Imagine a concoction mixing "Dracula", "The Adams Family", "National Lampoon's Vacation", "L'Atalante", and "The Lady Eve". And why not while were at it, add in Adam Sandler and his crew of genial cockeyed buddies who have made a living off jokes on the subject of, well you know, the first half of the term "cockeyed". Sound like a forgone titanic disaster? You may have been on to something, if it wasn't for the puerile urgency , not to mention bliss, director Genndy Tartakovsky brings to the enterprise. That isn't to say his commentary on the alienated monsters doesn't come without its fare share of target audience pollution. However, the message on equality and family is as pure as ever--with the exception of a few fart jokes. But it's the vibrant and equally pasty animation, adamant pacing, array of beguiling characters, and slapstick humor makes the latest in the trilogy a breezy vacation rather than a perilous voyage.
The film sets sail to a macabre style animation opening sequence. A Wile E. Coyote inspired flashback to 1897 that sees monster exterminator Van Helsing(Jim Gaffigan),--ironically a monster in his own right, whose forehead could only be a product of Peter Sarsgard's offspring in the "Green Lantern"-- attempt to exterminate Dracula(Adam Sandler) by means of train, plain, and automobile, as well as by gun and submarine. You would think Helsing would have been smart enough to save some money. Especially with the recession caused by the Panic of 1893 being in full effect, and just bought a stake. The reason comes in the form of the thesis of airy animated comedies. The stakes can never be high. This isn't Pixar mind you. The goal here is to simply give families two hours of lighthearted uninspiring fun. Where there are enough originally zoetic creatures to fill a zoo to satisfy the kids, and find time to machinate enough narrative structure to keep the paying adults interested, enough.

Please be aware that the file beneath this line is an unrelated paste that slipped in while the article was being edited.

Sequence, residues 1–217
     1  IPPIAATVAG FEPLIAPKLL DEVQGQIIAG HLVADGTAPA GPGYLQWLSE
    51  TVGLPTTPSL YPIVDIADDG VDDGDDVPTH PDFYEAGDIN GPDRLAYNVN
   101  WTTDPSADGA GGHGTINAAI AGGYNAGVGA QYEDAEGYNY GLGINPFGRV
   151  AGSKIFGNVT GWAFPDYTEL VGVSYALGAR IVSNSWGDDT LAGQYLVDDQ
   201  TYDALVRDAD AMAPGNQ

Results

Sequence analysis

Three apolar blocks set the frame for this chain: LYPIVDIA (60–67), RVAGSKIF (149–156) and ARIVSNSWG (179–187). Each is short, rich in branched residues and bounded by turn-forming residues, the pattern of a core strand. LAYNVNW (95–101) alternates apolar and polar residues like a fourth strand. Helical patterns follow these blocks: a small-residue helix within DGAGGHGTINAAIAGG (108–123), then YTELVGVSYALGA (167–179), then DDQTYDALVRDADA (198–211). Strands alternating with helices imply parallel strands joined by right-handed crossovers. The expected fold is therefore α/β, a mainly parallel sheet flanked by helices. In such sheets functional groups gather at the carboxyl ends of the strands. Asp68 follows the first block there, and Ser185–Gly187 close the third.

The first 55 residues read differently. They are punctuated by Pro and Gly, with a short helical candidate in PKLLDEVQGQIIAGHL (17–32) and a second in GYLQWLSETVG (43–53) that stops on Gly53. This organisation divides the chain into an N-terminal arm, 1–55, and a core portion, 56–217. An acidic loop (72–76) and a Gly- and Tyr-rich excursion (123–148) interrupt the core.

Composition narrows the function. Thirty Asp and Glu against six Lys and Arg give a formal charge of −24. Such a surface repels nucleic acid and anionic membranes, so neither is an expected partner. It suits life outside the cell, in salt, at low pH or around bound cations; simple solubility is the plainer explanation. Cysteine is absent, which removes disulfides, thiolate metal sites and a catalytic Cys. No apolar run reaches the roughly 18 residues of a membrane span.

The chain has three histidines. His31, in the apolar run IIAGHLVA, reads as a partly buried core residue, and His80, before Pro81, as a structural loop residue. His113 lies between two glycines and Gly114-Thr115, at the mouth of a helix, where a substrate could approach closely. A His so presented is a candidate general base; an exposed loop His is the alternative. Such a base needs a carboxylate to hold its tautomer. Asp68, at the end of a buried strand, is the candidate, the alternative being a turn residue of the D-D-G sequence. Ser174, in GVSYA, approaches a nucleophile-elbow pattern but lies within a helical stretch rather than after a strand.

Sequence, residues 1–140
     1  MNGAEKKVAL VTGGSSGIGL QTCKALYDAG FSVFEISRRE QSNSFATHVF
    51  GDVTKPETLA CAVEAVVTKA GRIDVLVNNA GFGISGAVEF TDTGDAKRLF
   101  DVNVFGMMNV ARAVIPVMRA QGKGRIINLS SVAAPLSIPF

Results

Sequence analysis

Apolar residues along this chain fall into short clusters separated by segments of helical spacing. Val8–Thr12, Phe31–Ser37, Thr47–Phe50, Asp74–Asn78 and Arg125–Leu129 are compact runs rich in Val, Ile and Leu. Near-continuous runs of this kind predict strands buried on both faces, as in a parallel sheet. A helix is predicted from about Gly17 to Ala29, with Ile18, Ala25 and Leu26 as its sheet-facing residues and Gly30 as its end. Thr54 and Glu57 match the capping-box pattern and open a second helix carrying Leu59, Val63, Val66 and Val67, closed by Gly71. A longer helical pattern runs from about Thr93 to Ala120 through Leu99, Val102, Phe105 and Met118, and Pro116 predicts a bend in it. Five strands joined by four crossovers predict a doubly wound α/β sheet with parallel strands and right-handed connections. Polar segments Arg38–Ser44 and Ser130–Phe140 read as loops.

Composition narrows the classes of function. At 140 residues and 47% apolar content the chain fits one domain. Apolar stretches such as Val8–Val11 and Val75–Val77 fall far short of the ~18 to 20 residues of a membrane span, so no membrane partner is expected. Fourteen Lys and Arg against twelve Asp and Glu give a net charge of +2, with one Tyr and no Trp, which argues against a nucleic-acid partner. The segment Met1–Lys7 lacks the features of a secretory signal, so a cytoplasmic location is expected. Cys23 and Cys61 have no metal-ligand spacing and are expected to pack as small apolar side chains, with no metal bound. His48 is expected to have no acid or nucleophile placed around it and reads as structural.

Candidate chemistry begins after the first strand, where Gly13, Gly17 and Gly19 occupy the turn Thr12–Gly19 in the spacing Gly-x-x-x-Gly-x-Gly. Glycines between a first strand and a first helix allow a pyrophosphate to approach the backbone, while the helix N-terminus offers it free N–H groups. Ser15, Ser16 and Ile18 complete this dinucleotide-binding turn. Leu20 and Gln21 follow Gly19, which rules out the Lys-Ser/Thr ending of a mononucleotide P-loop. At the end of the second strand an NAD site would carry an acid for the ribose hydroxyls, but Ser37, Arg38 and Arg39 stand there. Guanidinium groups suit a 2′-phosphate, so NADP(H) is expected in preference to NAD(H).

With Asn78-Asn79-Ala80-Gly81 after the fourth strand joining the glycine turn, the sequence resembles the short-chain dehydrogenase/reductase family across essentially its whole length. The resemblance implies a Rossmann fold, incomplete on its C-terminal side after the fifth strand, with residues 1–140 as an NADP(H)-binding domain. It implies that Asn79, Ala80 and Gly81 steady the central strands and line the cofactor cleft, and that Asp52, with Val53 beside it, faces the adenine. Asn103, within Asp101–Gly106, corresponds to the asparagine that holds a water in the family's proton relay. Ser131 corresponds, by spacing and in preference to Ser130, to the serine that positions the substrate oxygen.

The story truly takes off when Dracula's gracious daughter(voiced with joyous beauty by Selena Gomez) proclaims she has had enough! Vampires deserve a vacation too, and the Hotel Transylvania(which the two own) can't be the easiest place to run, let alone keep up. So she suggests a cruise as a vacation. Luckily the journey on this "hotel on the water", or Noah's Arc for monsters, is every bit as enticing as the destination. From a plane ride with rambunctious Gremlins, to the towering Bermuda Triangle, to a Vegas esque Atlantis, Tartakovsky's exciting animation excites in the intimate and grandiose equally. Vistas including salmon sunsets as backdrops to the monstrous cruise ship and underwater volcanoes are greeted with the same detail and light as the poignant characters. Tartakovsky, if you hadn't noticed from the first two movies, has a special gift in generating visual emotion onto the faces of his heroes.
Heroes of course, are always better with side-kicks, as the Marvel Cinematic Universe would have us believe. So it's no surprise when Draculas' grown up buddies--who also happen to be Sandler's grown up buddies-- join in on the fun. Enter the "Drac pack", an entourage of compassionate ghoulish counterweights to the distinct blood-curling creatures that have scared audiences on the big screen for nearly a century. There's Wayne the Werewolf(Steve Buscemi), Frankenstein(Kevin James), The Invisible Man(David Spade), The Mummy Murray(Keegan-Michael-Key), as well as Dracs allegedly handsome father, Vlad(Mel Brooks). I say allegedly, because he may be, besides occasionally the un-witty script, the scariest thing in the film. Though the real shock is the old school energy being exerted from this thing. For all its vapid facetiousness and lack of purpose, you can't help but leave with spring in your step.
And not just because of the climatic DJ/dance off that positions good verses evil, good vibrations verse the thumping bass that is techno music. In one corner of a magnificent floating Colosseum is the irritable Van Helsing,whose ancient electronic score contains the power to harness a purple octopus the size of three Pantheons. In the other, Mavis' husband Johny(Andy Samberg). A curly headed human with a room temperature IQ, and a laptop filled with catchy oldies. But will absurdity like this ring summer fun? Maybe not for those who prefer to tune out its quirks and pre-teen humor.Yet many, like myself--those who stay above water that is--will find themselves at the very least entertained by a skirmish that trades the Avengers for the Macarena.
"Hotel Transylvania 3" ends up being a mixed bag, filled with the occasional sweet surprise. As it effortlessly floats between nutty screwball and shameless zingers, but lacks the lovable zing it so desperately tries to erect. Though the zing our hero Dracula hesitantly chivies, the equally radiant and malevolent cruise-ship-captain Ericka(voiced dutifully by Katherine Hahn), may be as dubious as a love interest as any since Georgia Hale in Chaplin's "The Gold Rush". Both ladies end their comedic pictures with hearts of gold, on a cruise ship, but we can only hope for the best for the good-guy- vampire Dracula here. I won't spoil the result, but the getting there doesn't give us quite enough to sink our teeth into.
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